|Cycling clothing is technically inferior to Outdoor clothing||Fez|
Jan 28, 2003 1:44 PM
|Softshell jackets seem to be all the rage this year. Lightweight, windproof, waterproof, warm, and have a very slim cut (no bulk). They claim you don't need to layer much at all under them, hence the slim cut and the enhanced mobility. And they are also very warm due to Gore Windstopper and special fleece inside.
So last Xmas the wife bought me one for skiing and tooling around, and today I decided to try it cycling.
This thing is so much better and warmer than my Pearl Izumi Barrier Cycling Jacket. And it keeps me dry. In contrast, the Pearl Barrier jacket has a cheap nylon covering in the front to keep wind and water out, but it doesnt let moisture out very well so I come back soaking wet in perspiration.
The only thing bad about cycling in my softshell jacket is that it is NOT cut for cycling. Which leads me to my rant. Why doesn't Marmot, Mtn Hardwear, Patagonia or NorthFace make these in a cycling cut? Or why don't the cycling manufacturers start using technically superior materials for their jackets?
|Why?...because that would make sense. nm||eschelon|
Jan 28, 2003 1:59 PM
|What shops are you patronizing?||onespeed|
Jan 28, 2003 2:04 PM
|I am thanking the cycling gods for my current collection of winter teams jackets made of that same "Windstopper and special fleece" inside stuff. Here in NYC my daily commute from Brooklyn over the BB all the way to Midtown, is only possible with the specially cut and designed for a maximum mobility pro cycling wear that I got off of Pro Bike Kit. I have only to wear a long sleeve jersey and another summer jersey under that to stay warm. My Castelli 2003 pants with just my shorts on under them have been adequate for me to ride in very comfortably.
If I didnt have this "cycling specific clothing" I would not have been able to have kept up my commute throughout these last 3 weeks.
I think on Tuesday riding in the temperature was 9 degrees without windchill.
|What shops are you patronizing?||Fez|
Jan 28, 2003 2:31 PM
|I find the best selection of cycling wear is probably mail order, either at Performance online or Colorado Cyclist.
For outdoor wear, there is no shortage of Outdoor "Superstores" that have awesome selection and brands. An REI store is a pretty good example. And the Seattle REI is probably one of the best. But when you go to the cycling dept inside those same superstores, the pickings are usually slim. And bike shops usually have an even worse selection.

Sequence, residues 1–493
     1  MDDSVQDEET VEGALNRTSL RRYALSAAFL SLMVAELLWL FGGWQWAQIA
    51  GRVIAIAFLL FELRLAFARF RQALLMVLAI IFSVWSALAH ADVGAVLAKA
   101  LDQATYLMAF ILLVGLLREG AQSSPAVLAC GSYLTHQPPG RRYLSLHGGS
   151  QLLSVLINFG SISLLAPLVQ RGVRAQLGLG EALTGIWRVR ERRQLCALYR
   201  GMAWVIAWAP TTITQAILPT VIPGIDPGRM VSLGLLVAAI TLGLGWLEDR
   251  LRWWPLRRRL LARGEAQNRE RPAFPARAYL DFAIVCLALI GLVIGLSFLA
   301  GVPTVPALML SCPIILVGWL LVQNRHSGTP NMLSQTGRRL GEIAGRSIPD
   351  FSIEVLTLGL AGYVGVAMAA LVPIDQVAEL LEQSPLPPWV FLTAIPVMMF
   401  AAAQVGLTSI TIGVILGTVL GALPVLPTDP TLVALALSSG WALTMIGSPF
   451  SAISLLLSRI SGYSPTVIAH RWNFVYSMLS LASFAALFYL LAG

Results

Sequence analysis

|Cyling clothing is just a bit different...||snwbdrhoon|
Jan 28, 2003 2:08 PM
|I've been running softshell pants (Cloudveils) for about 2 winters now. They're great (and the bottoms don't seem to get in the way of spinning). I usually can run only a pair of bike shorts until about 35 degrees. After that throwing some leg warmers on underneath (that's what I did a few days ago here in Boston) or if it gets really cold a pair of tights or long underwear.
Cycling gear and Outdoor gear are all species of the same breed. It wouldn't be cost-effective for Marmot, MH, Patagonia or TNF to make cycling specific winter gear because they know that you and everyone else will use the gear for all winter pursuits (and quite honestly how many people do you think in the US are cycling in the winter outside, it's tough enough to get people to ride in the summer).
On the other hand, my USPS rain jacket makes a killer spring skiing and running jacket. So it goes both ways.
Cut is very important so you should take a look at the recent issue of VeloNews (Bicycling also reviewed some of them) which profiled offerings from Cannondale, Castelli, Sugoi, and Louis Garneau. They're all using windbloc and some other water-resistant fabrics that basically is a softshell. They're expensive, but what soft shell isn't?
Happy riding. It's 7 degrees F, time for the trainer!
|re: Cycling clothing is technically inferior to Outdoor clothing||bugleboy|
Jan 28, 2003 2:12 PM
|pearl does make such a jacket. Actually all the cycling clothing manufactorers do. You just have something like the zephyr, which is just a windbreaker basically. One of the new materials is call "Event". Some use gore-tex. You just need to ask your local shop about it. It isn't cheap, but neither is northface stuff.|
|"Event" stuff I saw was just a shell.||Fez|
Jan 28, 2003 2:26 PM
|Looked like a goretex shell competitor. Stiff with a nonstretch nylon w/ laminate and no fleece lining.